Low-Paid Women Get Money to Fight Harassment
Get Legal Help Today
Secured with SHA-256 Encryption
UPDATED: Aug 13, 2018
It’s all about you. We want to help you make the right legal decisions.
We strive to help you make confident insurance and legal decisions. Finding trusted and reliable insurance quotes and legal advice should be easy. This doesn’t influence our content. Our opinions are our own.
Editorial Guidelines: We are a free online resource for anyone interested in learning more about legal topics and insurance. Our goal is to be an objective, third-party resource for everything legal and insurance related. We update our site regularly, and all content is reviewed by experts.
As I’ve blogged about before,
Thanks to the #MeToo movement, accusations of sexual harassment — especially against powerful men in media and government — are in the news almost every day.
Harassment and discrimination are hardly limited to glamorous and well-paying professions like entertainment and finance.
The New York Times reported that “harassment was endemic… from shipyards to coal mines.”
For example, Ford recently settled a sexual and racial harassment suit involving two of its Chicago plants for $10 million. Back in the 1990s, after lawsuits and an investigation by the Equal Employment Opportunity Commission (EEOC), Ford settled for $22 million and promised to work to fight discrimination.
As the Times reported,
Vox charted industries with the highest reported claims of sexual harassment — and, perhaps not surprisingly, those with the most included accomodation and food services, retail, and manufacturing fields.
Legal Defense Fund
To help fight abuse of working-class women, a group of Hollywood stars and producers started Time’s Up and the Time’s Up Legal Defense Fund:
The TIME’S UP Legal Defense Fund, which is housed at and administered by the National Women’s Law Center Fund LLC… connects those who experience sexual misconduct including assault, harassment, abuse and related retaliation in the workplace or in trying to advance their careers with legal and public relations assistance. The Fund will help defray legal and public relations costs in select cases based on criteria and availability of funds.
The Fund has raised about $22 million in donations so far. About 2,700 workers have contacted the Fund, including about 9% from the arts industry and 5% from retail jobs.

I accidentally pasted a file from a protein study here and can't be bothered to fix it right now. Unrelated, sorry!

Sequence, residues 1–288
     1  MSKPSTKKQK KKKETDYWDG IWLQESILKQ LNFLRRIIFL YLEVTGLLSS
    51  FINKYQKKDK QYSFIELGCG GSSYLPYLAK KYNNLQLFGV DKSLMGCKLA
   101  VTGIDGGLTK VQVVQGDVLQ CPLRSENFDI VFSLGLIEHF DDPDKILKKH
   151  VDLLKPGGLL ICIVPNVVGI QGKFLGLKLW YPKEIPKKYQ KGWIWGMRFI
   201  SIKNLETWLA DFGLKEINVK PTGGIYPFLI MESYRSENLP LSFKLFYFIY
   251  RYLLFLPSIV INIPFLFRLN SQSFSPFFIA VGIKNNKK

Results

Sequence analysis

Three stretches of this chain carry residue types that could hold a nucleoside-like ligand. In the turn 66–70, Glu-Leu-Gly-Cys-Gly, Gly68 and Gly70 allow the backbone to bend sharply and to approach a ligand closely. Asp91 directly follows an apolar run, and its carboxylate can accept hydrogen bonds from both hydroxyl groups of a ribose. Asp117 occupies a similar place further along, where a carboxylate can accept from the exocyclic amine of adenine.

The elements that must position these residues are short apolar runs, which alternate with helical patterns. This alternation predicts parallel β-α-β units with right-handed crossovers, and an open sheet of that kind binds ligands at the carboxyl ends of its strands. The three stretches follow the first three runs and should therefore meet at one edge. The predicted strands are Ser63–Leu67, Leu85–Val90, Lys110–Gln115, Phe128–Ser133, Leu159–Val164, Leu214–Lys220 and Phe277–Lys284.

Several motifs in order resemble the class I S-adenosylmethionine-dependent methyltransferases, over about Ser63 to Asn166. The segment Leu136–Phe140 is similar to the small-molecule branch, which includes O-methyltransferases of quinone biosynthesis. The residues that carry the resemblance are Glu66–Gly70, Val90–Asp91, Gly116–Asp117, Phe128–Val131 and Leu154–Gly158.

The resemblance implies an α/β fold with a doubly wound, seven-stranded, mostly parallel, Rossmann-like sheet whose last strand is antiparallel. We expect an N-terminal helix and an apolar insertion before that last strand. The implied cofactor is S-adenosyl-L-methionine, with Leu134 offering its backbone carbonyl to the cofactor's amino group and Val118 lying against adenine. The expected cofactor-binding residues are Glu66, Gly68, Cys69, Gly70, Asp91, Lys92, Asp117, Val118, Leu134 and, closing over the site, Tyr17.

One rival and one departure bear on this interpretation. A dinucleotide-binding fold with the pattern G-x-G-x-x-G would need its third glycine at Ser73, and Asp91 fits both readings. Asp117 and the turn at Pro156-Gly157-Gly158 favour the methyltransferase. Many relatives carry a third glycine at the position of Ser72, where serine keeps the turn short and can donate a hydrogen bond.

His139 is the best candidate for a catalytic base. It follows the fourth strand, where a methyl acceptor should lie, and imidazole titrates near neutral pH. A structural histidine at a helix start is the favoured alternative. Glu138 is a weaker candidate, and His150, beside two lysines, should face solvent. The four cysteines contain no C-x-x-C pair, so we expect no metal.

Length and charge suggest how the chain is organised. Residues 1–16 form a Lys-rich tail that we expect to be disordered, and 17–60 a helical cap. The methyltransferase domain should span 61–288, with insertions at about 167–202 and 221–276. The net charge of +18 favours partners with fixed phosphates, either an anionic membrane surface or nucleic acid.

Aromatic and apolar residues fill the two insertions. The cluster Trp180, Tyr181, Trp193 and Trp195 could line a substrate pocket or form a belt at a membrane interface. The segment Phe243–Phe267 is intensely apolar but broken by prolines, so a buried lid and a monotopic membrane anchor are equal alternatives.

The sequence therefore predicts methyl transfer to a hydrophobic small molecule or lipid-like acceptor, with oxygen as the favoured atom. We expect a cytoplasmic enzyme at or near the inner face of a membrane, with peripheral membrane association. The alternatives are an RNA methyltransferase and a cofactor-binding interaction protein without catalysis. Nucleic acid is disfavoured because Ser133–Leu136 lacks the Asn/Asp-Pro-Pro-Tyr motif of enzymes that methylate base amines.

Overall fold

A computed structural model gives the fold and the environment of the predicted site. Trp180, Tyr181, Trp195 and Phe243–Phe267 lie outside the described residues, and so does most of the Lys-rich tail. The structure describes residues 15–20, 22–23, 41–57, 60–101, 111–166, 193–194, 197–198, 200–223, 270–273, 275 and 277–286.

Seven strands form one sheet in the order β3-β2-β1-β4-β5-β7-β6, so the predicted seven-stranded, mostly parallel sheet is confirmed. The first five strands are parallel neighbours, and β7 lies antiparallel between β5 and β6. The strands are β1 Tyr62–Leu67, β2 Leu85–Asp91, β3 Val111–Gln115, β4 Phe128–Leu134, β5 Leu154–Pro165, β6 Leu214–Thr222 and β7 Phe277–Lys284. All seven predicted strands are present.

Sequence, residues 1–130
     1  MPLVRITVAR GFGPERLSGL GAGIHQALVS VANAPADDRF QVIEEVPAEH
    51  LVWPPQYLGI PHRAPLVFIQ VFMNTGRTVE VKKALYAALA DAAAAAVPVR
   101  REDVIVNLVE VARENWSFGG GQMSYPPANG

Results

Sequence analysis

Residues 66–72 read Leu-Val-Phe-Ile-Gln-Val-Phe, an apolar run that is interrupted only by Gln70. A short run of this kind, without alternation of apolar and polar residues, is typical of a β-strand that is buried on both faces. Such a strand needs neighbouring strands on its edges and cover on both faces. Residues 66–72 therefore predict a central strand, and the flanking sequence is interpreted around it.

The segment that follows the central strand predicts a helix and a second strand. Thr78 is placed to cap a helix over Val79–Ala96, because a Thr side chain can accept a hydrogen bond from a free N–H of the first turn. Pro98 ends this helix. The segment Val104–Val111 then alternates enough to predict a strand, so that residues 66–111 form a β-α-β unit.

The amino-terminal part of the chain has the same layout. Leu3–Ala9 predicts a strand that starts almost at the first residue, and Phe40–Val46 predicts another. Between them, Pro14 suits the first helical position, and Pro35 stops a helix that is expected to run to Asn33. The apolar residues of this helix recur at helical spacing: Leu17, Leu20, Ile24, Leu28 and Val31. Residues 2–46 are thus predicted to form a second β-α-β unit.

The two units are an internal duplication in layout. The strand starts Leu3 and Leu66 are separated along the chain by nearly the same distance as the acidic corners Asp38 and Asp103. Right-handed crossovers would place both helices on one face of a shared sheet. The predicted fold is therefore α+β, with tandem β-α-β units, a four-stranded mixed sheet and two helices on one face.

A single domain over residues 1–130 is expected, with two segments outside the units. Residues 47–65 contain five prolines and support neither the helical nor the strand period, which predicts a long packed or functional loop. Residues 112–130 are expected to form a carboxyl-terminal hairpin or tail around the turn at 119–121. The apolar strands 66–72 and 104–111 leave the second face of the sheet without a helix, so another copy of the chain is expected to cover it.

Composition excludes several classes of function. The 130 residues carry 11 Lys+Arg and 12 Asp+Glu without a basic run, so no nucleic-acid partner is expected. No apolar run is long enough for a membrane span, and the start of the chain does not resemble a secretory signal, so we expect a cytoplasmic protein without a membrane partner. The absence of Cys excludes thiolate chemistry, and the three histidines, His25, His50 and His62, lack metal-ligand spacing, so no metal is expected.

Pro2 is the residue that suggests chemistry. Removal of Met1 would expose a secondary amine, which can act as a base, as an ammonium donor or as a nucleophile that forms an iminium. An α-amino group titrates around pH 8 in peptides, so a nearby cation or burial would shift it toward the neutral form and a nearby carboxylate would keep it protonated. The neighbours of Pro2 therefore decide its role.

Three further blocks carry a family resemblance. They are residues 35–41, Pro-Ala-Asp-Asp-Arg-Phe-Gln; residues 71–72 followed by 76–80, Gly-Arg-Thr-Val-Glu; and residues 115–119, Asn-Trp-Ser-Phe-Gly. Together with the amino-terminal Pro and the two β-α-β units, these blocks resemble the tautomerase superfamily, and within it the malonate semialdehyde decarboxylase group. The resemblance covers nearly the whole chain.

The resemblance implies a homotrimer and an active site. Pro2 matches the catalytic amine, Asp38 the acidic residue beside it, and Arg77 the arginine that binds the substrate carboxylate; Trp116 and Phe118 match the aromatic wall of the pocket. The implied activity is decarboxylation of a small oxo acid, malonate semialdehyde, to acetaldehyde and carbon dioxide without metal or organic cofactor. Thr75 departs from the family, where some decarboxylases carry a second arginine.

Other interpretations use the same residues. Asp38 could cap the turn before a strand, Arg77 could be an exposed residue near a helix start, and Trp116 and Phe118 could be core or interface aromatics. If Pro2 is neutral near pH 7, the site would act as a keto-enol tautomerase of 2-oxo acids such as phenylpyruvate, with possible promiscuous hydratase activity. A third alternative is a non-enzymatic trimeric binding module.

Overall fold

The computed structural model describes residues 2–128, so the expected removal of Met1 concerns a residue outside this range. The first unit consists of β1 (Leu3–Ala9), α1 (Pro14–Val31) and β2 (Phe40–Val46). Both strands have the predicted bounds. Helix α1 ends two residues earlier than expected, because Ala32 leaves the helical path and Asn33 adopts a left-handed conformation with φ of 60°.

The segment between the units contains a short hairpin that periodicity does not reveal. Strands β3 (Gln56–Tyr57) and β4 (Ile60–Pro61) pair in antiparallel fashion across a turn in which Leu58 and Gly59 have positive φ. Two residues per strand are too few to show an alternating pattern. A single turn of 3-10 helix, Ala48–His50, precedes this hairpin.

As the New York Times reports, one of the first lawsuits supported by the Fund was brought by Gina Pitre, a Walmart employee who said her manager “used to touch her inappropriately and make suggestive comments.”
Walmart said it had investigated Pitre’s complaints and “could not substantiate a violation of our Discrimination and Harassment Prevention Policy.”
Volunteers at the National Women’s Law Center decide which cases to fund based in part on “whether the worker is in a low-wage job or in a male-dominated occupation,” according to the Times.
The Fund provides only about $3000 to pay initial lawyer fees, and up to $100,000 in the rare case when a matter goes to trial.
Lawyers handling cases of alleged harassment and discrimination commonly work on a contingency basis — they only charge a fee to the client if they’re successful in winning a settlement or judgement for the client.
However, lawyers for plaintiffs can only afford to take a limited number of cases on contingency, given the risks involved.
Also, notes the Times, harassment cases face an “uphill battle” in conservative states like Mississippi and few lawyers want to take on such claims, especially against large companies like Walmart.
Related efforts to fight harassment and discrimination by 300 prominent Hollywood actresses and female agents include:
- Legislation to penalize companies that tolerate persistent harassment, and to discourage the use of nondisclosure agreements (NDAs) to silence victims or harassment.
- An effort to reach gender parity at studios and talent agencies.